Festival Director of Rocking the Daisies George Avakian has tried to embody the work of inclusivity, having assisted in the transformation of the previously predominantly white festival. “We understood that we needed to change the culture or at least bring the culture to a different audience, because as much as Daisies existed and was its own thing and doing well, it was not part of South African culture,” Avakian says. “It was this little bubble and needed to be a better representation of our continent and what we offer musically. If I had gone to one before 2016 I would have felt like an outsider myself.”
Avakian came onto the scene in 2009 as the teenage beatboxer on South Africa’s Got Talent, later becoming a rapper and producer. “I have always believed in transitioning but giving something a good couple of years… Ever since I was a kid, I would pick up an instrument and get bored and would need to try to keep it interesting.”
Avakian was one of the owners of Club Sway in Sandton, which led him into the night life and festival business. “I would throw parties there and they grew and obviously those artists were now recording in my studio. That’s when I met TJ Steyn and Dale De Ruig, who are my partners now and own Steyn Entertainment, which acquired Rocking the Daisies in 2016,” Avakian says. “We used to play poker together and when we would go out afterwards we would have some 18-year-olds sweating all over us. We realised we wanted something more exclusive, where we could dress up and have a cigar and whisky.” This led to the formation of Marabi Club, a jazz lounge and restaurant in Maboneng which has hosted guests such as Beyoncé, Kelly Rowland and Carmelo and La La Anthony.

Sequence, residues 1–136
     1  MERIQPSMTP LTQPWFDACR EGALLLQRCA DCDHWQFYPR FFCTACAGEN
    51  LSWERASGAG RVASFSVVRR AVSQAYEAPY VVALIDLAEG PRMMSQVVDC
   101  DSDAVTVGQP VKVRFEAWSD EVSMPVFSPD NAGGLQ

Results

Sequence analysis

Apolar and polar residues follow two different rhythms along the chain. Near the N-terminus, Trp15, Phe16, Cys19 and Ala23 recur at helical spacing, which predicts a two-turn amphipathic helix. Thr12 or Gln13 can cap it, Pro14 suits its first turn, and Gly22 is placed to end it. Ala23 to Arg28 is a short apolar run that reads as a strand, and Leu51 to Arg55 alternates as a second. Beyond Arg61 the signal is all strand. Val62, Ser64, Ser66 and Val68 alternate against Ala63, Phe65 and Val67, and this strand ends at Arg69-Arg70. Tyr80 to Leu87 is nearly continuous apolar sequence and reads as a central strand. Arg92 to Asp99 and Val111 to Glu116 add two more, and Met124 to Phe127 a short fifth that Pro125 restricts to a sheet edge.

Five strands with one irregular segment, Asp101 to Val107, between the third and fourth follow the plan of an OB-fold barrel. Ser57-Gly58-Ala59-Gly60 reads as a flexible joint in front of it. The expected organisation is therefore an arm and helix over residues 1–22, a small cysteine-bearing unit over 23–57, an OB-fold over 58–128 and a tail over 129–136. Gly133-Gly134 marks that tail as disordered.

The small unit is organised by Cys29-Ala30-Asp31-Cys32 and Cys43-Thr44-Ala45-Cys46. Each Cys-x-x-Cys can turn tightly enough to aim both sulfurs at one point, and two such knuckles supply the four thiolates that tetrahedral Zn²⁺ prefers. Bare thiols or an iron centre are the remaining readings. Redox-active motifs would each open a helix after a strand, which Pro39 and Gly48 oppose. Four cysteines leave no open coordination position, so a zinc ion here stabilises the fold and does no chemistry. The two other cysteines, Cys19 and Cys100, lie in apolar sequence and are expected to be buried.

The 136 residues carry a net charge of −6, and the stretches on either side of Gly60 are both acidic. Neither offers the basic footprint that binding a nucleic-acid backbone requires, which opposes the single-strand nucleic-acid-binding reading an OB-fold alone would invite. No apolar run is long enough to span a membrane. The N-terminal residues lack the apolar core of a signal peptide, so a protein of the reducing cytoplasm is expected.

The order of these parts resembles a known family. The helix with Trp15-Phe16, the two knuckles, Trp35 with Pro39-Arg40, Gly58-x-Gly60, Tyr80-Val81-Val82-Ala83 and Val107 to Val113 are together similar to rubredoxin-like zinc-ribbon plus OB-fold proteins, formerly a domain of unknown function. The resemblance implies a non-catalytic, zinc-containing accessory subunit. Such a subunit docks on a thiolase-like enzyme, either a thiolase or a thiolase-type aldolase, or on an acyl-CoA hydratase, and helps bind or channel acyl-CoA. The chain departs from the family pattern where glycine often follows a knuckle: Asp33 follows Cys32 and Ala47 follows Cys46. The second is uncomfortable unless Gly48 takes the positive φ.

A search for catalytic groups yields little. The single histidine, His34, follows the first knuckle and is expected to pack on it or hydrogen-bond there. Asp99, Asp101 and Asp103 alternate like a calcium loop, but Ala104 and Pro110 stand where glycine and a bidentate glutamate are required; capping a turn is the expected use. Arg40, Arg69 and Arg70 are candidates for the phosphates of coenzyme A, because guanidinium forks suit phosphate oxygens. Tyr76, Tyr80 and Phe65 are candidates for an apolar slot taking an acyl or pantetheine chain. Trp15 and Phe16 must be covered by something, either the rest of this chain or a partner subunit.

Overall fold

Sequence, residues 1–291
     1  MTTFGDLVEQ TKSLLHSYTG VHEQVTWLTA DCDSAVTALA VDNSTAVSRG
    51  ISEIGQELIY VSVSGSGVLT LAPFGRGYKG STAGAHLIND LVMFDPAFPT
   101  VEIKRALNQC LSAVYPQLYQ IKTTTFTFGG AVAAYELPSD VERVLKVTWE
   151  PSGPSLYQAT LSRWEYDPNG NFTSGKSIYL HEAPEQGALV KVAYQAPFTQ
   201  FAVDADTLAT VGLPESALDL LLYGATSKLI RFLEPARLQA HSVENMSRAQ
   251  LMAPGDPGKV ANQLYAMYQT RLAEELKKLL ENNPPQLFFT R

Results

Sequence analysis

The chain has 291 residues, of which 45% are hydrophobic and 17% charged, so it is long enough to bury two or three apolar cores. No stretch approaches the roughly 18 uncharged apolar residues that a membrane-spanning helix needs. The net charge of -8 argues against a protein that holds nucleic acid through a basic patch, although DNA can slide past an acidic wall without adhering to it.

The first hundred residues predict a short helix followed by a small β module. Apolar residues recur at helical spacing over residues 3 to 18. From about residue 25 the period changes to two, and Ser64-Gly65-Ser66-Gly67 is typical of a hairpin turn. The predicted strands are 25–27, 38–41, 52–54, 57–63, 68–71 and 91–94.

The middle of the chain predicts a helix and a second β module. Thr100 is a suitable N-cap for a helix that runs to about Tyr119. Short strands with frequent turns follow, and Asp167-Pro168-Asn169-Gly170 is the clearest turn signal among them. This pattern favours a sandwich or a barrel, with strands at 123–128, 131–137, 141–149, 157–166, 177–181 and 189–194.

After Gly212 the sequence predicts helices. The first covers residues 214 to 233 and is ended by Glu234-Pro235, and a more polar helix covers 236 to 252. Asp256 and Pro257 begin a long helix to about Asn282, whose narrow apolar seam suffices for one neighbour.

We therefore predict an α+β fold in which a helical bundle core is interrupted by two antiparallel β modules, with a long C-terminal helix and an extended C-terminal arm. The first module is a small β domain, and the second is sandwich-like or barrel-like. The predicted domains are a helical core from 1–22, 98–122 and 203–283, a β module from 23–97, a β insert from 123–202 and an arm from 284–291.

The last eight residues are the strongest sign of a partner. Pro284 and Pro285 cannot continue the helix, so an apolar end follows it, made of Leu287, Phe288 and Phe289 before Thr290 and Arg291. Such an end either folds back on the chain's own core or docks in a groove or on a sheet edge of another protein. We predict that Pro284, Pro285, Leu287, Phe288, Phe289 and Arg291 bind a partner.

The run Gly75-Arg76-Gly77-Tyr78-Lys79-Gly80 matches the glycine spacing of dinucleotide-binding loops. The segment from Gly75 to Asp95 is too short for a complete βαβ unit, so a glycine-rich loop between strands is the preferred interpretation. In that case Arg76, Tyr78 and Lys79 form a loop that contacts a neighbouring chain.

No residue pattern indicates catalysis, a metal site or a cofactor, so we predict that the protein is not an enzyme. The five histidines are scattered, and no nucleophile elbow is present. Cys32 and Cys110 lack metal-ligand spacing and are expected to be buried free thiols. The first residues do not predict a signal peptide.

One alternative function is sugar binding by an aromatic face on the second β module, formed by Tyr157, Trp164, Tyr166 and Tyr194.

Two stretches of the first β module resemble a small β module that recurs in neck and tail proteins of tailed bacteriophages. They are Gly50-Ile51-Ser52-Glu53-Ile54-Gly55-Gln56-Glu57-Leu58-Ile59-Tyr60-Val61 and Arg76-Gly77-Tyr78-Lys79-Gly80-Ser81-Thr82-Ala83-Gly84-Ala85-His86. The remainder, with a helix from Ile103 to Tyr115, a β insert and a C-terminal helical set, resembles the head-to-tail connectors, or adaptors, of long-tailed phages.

Monate wa lefatshe hao fele, ho fela motho.A South African proverb meaning: “Fun never ends – but people do”
“It’s about bringing the eyes to South Africa, throwing events in Johannesburg CBD allows us to change the narrative around it,” Avakian says. “We need people all over the world to invest in South Africa.” Avakian believes the greater intention of his job is to show people the potential of our country through events. Although days are often filled with meetings and a 12-month programme for Rocking the Daisies forcing him to be at the office at 6:30am, no day is ever the same. One thing Avakian emphasises is the work on relationships, whether it is with representatives of artists, fellow collaborators or partners. This work on strong relationships led him and his partners to the exclusive Roc Nation Brunch a few months ago. “Getting information from Jay Brown the vice chairman of Roc Nation inspired me to want to share with others who don’t necessarily have access to him.”
Avakian has been working on creating workshops on the festival and hosting business teaching young people about sponsorships, booking artists and the details that go into it. “It’s about being on the ground because these artists grow so quickly. A few years ago, we wanted to book Billie Eilish; we had an offer that was almost confirmed for $50,000 and now the number has grown by 3 zeros,” he says, as Eilish is a Grammy-winning artist now. In many aspects it is about seeing the vision before sponsors and potential artists see it, which is often the hardest part but common in most creative fields, however, once you get it right, you get it right.
“It is such a difficult business that we should all be looking out and sharing with each other,” Avakian says.